The present invention comprises a micro environmental control system (μX) that will remove or add 50-100 W from or to the near range personal microenvironment. Such a system may be used to make a person comfortable when the surrounding background room temperature is increased in the summer and lowered in the winter to save energy. For cooling, the μX uses a micro vapor compression system (μVCS) that is operated to freeze a phase-change-material in a thermal storage module during the night in the cooling season. In the cooling season, one or more small fans move warm room air over the phase-change-material to deliver cooled air to a user. In the heating season, heat may be delivered by a small electric heater integrated into the μVCS's condensing unit, or the μVCS can be operated during the occupancy period as a heat pump to freeze the PCM while delivering warm air to the occupant by blowing air over the μVCS's condenser. In the heat pump mode, the μVCS is operated in reverse to melt the frozen PCM by pumping heat from the room air. The system is self-contained, automated, and designed to be installed under a desk.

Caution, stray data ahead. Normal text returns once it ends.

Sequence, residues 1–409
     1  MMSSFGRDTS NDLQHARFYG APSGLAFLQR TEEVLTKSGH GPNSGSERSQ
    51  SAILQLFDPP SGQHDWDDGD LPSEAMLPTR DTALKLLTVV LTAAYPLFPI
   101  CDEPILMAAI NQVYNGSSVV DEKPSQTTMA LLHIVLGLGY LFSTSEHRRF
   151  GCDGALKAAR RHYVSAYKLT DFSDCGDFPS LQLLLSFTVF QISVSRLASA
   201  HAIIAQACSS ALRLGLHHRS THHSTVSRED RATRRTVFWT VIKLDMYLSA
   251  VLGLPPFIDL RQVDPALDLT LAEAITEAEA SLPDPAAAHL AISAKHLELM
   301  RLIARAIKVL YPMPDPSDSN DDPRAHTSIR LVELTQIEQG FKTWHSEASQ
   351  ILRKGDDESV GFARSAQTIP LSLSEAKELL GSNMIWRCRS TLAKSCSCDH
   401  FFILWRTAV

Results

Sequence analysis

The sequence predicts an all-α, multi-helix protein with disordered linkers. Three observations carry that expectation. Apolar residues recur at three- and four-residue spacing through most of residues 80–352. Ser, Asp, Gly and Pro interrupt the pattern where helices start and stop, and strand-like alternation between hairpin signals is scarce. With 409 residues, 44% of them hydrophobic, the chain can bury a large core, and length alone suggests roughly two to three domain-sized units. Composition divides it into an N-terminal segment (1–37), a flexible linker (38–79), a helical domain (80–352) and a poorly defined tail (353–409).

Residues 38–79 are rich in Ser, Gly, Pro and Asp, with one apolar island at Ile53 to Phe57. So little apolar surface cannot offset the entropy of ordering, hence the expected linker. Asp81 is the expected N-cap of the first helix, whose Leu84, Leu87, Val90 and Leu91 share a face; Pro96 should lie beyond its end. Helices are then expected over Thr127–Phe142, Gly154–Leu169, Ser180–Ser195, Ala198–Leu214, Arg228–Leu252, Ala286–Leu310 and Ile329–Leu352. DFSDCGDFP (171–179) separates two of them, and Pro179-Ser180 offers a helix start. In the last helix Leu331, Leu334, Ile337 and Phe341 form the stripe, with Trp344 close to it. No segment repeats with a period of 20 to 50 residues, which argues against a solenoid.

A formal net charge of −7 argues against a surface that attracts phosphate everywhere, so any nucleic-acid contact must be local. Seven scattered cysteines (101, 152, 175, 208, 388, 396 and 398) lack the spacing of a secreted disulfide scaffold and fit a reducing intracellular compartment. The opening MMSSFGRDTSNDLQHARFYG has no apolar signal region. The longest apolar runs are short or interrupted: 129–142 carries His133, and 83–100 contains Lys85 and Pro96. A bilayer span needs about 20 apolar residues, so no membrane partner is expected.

In a first embodiment of a system according to the present invention, the μVCS comprises a compressor, a condenser coupled to the compressor, an expansion valve coupled to the condenser, a thermal storage module including an embedded evaporator coupled to the expansion valve and a phase change material surrounding the evaporator, and one or more fans positioned to selectively direct a stream of air through the phase change material or over the condenser. A controller is coupled to the compressor and the fan(s) and is programmed to operate the system in a cooling mode wherein the μVCS is operated to freeze the phase change material during a first predetermined time period, and the fan is operated to direct a stream of room air through the phase change material during a second predetermined time period. The first predetermined time period is during the night and the second predetermined time period is during the day so that the phase change material is frozen at night and then used for cooling during the daytime without the need to run the compressor. In the heating season, a heater may be associated with the condenser to provide heating during the day with the controller is programmed to operate the system in a heating mode where the fan directs air over the heater. Preferably, a set of dampers is associated with the fan to selectively direct the stream of air through the phase change material or over the condenser. In another embodiment, a reversing valve is employed and the controller is coupled to the reversing valve, the compressor, and the fan to operate the system in a heat-pump mode wherein the μVCS is operated to freeze the phase change material during a first predetermined time period, and the fan is operated to direct the stream of air through the phase change material during a second predetermined time period. In this heat pumping mode, the first predetermined period is during the day wherein the controller is programmed to operate the system in a heating mode and the fan is operated to direct room air over the warm condenser to deliver heat to the occupant. At night, the cycle is reversed via the reversing valve, allowing the μVCS to melt the frozen PCM.